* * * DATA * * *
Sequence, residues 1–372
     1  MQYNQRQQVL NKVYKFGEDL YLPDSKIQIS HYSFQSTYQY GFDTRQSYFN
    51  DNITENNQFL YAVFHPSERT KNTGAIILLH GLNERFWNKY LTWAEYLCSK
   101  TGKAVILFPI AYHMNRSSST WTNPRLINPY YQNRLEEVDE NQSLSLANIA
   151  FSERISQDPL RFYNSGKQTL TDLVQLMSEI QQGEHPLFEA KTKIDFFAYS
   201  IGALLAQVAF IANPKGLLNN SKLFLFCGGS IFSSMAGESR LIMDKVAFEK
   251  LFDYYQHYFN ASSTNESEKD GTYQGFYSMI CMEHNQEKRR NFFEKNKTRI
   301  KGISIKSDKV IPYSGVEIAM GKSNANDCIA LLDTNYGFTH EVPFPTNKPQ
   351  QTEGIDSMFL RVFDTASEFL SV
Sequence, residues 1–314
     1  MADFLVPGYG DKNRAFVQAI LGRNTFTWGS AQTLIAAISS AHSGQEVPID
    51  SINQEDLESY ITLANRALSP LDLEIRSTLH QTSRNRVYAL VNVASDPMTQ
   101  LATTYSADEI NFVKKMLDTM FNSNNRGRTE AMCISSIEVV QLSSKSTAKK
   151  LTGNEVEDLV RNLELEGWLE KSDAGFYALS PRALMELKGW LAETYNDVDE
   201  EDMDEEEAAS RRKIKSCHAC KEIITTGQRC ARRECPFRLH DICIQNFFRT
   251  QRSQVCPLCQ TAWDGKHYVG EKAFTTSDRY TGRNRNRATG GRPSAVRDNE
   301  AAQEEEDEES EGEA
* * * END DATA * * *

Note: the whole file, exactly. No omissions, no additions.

Sequence, residues 1–372
     1  MQYNQRQQVL NKVYKFGEDL YLPDSKIQIS HYSFQSTYQY GFDTRQSYFN
    51  DNITENNQFL YAVFHPSERT KNTGAIILLH GLNERFWNKY LTWAEYLCSK
   101  TGKAVILFPI AYHMNRSSST WTNPRLINPY YQNRLEEVDE NQSLSLANIA
   151  FSERISQDPL RFYNSGKQTL TDLVQLMSEI QQGEHPLFEA KTKIDFFAYS
   201  IGALLAQVAF IANPKGLLNN SKLFLFCGGS IFSSMAGESR LIMDKVAFEK
   251  LFDYYQHYFN ASSTNESEKD GTYQGFYSMI CMEHNQEKRR NFFEKNKTRI
   301  KGISIKSDKV IPYSGVEIAM GKSNANDCIA LLDTNYGFTH EVPFPTNKPQ
   351  QTEGIDSMFL RVFDTASEFL SV
Sequence, residues 1–314
     1  MADFLVPGYG DKNRAFVQAI LGRNTFTWGS AQTLIAAISS AHSGQEVPID
    51  SINQEDLESY ITLANRALSP LDLEIRSTLH QTSRNRVYAL VNVASDPMTQ
   101  LATTYSADEI NFVKKMLDTM FNSNNRGRTE AMCISSIEVV QLSSKSTAKK
   151  LTGNEVEDLV RNLELEGWLE KSDAGFYALS PRALMELKGW LAETYNDVDE
   201  EDMDEEEAAS RRKIKSCHAC KEIITTGQRC ARRECPFRLH DICIQNFFRT
   251  QRSQVCPLCQ TAWDGKHYVG EKAFTTSDRY TGRNRNRATG GRPSAVRDNE
   301  AAQEEEDEES EGEA